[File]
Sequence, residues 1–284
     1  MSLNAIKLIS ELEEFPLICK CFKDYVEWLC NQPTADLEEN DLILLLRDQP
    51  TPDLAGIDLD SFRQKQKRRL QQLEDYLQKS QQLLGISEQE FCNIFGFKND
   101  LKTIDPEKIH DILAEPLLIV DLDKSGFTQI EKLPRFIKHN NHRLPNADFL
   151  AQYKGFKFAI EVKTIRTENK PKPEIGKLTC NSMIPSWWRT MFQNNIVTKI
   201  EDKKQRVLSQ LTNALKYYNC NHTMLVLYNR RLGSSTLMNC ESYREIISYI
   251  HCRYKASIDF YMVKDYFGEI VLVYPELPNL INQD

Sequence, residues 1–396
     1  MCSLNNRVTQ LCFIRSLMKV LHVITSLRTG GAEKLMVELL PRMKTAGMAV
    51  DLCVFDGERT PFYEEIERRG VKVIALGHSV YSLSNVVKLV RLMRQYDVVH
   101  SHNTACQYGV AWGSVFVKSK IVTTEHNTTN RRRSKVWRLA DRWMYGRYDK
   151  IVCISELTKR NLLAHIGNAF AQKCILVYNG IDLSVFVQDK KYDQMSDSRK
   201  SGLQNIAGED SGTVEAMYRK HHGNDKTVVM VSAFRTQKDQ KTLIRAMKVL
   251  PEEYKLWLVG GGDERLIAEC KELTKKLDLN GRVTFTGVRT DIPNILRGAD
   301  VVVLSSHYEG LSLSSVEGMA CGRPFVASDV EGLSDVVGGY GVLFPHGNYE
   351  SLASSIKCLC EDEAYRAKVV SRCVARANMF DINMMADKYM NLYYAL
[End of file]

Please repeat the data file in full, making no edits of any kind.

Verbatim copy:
Sequence, residues 1–284
     1  MSLNAIKLIS ELEEFPLICK CFKDYVEWLC NQPTADLEEN DLILLLRDQP
    51  TPDLAGIDLD SFRQKQKRRL QQLEDYLQKS QQLLGISEQE FCNIFGFKND
   101  LKTIDPEKIH DILAEPLLIV DLDKSGFTQI EKLPRFIKHN NHRLPNADFL
   151  AQYKGFKFAI EVKTIRTENK PKPEIGKLTC NSMIPSWWRT MFQNNIVTKI
   201  EDKKQRVLSQ LTNALKYYNC NHTMLVLYNR RLGSSTLMNC ESYREIISYI
   251  HCRYKASIDF YMVKDYFGEI VLVYPELPNL INQD

Sequence, residues 1–396
     1  MCSLNNRVTQ LCFIRSLMKV LHVITSLRTG GAEKLMVELL PRMKTAGMAV
    51  DLCVFDGERT PFYEEIERRG VKVIALGHSV YSLSNVVKLV RLMRQYDVVH
   101  SHNTACQYGV AWGSVFVKSK IVTTEHNTTN RRRSKVWRLA DRWMYGRYDK
   151  IVCISELTKR NLLAHIGNAF AQKCILVYNG IDLSVFVQDK KYDQMSDSRK
   201  SGLQNIAGED SGTVEAMYRK HHGNDKTVVM VSAFRTQKDQ KTLIRAMKVL
   251  PEEYKLWLVG GGDERLIAEC KELTKKLDLN GRVTFTGVRT DIPNILRGAD
   301  VVVLSSHYEG LSLSSVEGMA CGRPFVASDV EGLSDVVGGY GVLFPHGNYE
   351  SLASSIKCLC EDEAYRAKVV SRCVARANMF DINMMADKYM NLYYAL